It looks like an old-fashioned photo album, with vintage black and white and color prints from another era. The people depicted seem to be having a good time, and if it weren’t for the uniforms, you might not see anything objectionable in these men at all. But the images collected in Nein, Onkel don’t show us just any group of soldiers at play: these are Nazis.

We might like to paint Nazi Germany as a brutal anomaly in the troubled annals of humanity. While history describes these men as monsters, Nein, Onkel poses a chilling, sober truth: that those capable of great evil are not unrecognizable monsters at all, but human beings not that different from you and me.

Archive of Modern Conflict publishes consistently outstanding photobooks, and a new reprint of this 2007 book brings back a title that influential photographer and collector Martin Parr named one of the best of the decade. Series editors Ed Jones and Timothy Prus take collections of ephemeral photos and craft handsomely designed, smartly sequenced books that more often than not are must-buys for the photobook connoisseur. As the imprint’s name suggests, the Archive’s publications address conflict, but this is not limited to war. The 2011 title More Cooning with Cooners, edited by Kalev Erickson, is a fascinating look at the subculture of raccoon hunters. The front cover of The Corinthians: A Kodachrome Slideshow (2009), also edited by Jones and Prus, features a die-cut frame in the shape of a vintage Kodachrome slide, which opens up on an intriguing narrative of postwar America culled from 50,000 Kodachrome images.

Nein, Onkel has a more subtle approach, its hardcover bound in an appealingly neutral colored canvas with the book’s title embossed in an elegant cursive script. It’s the ordinary design of the kind of blank photo album in which families pasted memories for generations, and the photos in this book aren’t that far removed from the typical family album. If it weren’t for a few telltale signs, you wouldn’t know there was anything amiss at all.

In fact, the book’s images are on the surface perfectly benign. It opens with a lush, full-page sunrise over a beautiful landscape followed by a color candid of a blond youth caught in the middle of a nap, perched on a windowsill. But jutting out from the wall at his feet, as if a caption in semaphore, is a bright red Nazi flag.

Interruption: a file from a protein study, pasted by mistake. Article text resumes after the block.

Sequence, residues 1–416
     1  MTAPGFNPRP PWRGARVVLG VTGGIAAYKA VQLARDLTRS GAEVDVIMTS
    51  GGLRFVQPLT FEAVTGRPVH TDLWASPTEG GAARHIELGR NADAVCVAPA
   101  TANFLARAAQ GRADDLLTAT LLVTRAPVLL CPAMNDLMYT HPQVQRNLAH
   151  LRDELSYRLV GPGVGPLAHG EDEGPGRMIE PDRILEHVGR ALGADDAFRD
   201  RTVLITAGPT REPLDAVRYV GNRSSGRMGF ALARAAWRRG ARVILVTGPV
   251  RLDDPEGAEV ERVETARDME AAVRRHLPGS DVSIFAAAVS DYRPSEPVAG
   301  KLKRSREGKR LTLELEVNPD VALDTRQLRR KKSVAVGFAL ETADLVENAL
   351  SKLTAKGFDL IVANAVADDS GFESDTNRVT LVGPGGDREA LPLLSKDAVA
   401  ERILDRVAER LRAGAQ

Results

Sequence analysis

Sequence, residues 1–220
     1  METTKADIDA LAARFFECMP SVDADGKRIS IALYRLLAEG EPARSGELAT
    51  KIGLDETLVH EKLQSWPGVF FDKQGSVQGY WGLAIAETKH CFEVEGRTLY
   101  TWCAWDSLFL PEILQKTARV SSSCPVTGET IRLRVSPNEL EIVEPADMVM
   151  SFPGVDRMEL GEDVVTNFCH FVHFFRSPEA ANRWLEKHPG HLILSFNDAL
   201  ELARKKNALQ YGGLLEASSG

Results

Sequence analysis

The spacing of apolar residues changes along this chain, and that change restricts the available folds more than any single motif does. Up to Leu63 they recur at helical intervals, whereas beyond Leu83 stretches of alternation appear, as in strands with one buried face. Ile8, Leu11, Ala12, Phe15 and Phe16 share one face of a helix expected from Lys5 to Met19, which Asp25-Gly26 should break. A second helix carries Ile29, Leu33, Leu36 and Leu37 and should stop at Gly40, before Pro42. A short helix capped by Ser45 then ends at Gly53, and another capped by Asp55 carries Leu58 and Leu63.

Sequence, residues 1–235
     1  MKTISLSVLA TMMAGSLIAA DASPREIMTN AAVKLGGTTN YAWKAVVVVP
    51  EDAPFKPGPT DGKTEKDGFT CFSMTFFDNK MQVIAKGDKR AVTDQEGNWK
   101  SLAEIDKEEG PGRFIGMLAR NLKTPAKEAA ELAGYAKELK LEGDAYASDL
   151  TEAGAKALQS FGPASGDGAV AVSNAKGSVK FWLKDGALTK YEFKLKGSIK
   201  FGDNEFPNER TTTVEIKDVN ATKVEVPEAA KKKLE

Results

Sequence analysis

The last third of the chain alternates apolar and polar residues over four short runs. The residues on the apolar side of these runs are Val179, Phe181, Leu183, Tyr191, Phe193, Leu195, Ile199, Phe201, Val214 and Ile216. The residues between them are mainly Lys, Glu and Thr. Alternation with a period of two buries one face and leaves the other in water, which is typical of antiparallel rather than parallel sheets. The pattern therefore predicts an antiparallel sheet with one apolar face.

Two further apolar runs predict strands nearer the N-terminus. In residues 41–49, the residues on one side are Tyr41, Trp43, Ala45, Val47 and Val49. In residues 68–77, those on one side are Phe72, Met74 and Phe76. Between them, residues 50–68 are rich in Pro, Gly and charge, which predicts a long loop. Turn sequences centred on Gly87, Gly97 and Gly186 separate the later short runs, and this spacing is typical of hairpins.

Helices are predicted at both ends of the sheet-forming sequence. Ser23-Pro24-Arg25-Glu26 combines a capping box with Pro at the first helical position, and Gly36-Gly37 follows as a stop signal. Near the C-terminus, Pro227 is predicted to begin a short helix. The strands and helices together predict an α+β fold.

A photo of three uniformed men stopping for a snack by their fighter plane is juxtaposed with a photo of eight men, naked except for leaves tied around their waist to cover up their genitals. The sartorial accoutrements of war are countered by an image that suggests a fall from grace, young men cast out of Eden but seemingly quite happy about it.

This is a study of Nazi Germany with no evidence of war crimes in sight. The book’s images are primarily of men at leisure: drinking, dancing, relaxing on the beach, snoozing in a hammock. These men love animals: they walk their pet dogs, ride burros, milk a goat; one officer holds a hedgehog in his hand. They love their children, playing with them in a field and pushing a baby carriage. These soldiers seem to be people just like you and me.

Still, there are unsettling elements to their rest and relaxation. A group of uniformed men pose at a clothesline, their necks uncomfortably resting on the thin line. Oddly, Nazi soldiers apparently enjoyed wearing women’s clothes: there are more than a few photos of men gleefully in drag. These are men who admire the male figure; more than a handful of these images show Aryan specimens sunbathing or otherwise posing nude.

The book can be seen as a photographic precursor to director Joshua Oppenheimer’s groundbreaking documentary The Act of Killing. That 2013 film followed the perpetrators of Indonesia’s infamous death squads, drawing the viewer into the lives of these men and revealing them to be entertaining and charismatic people who happen to be mass murderers.

Jones and Prus teach the similarly uncomfortable lesson that history’s greatest monsters are not in fact monsters after all, but human beings. The book ends with a color photo of a sunset over Brittany in 1942. It’s a peaceful end to a travelogue that takes us not only across Germany, but to the Soviet Union and even to North Africa. It almost looks like a fun journey. But if Nein, Onkel resembles the narrative of an inquisitive tourist, it suggests that the tourist’s impulse to conquer new lands can be taken to horrible extremes. While the book humanizes some of the world’s most unsympathetic villains, it does so not to glorify their evil. This is a chilling reminder that the evil that men do may appear perfectly normal to us – until it’s too late.

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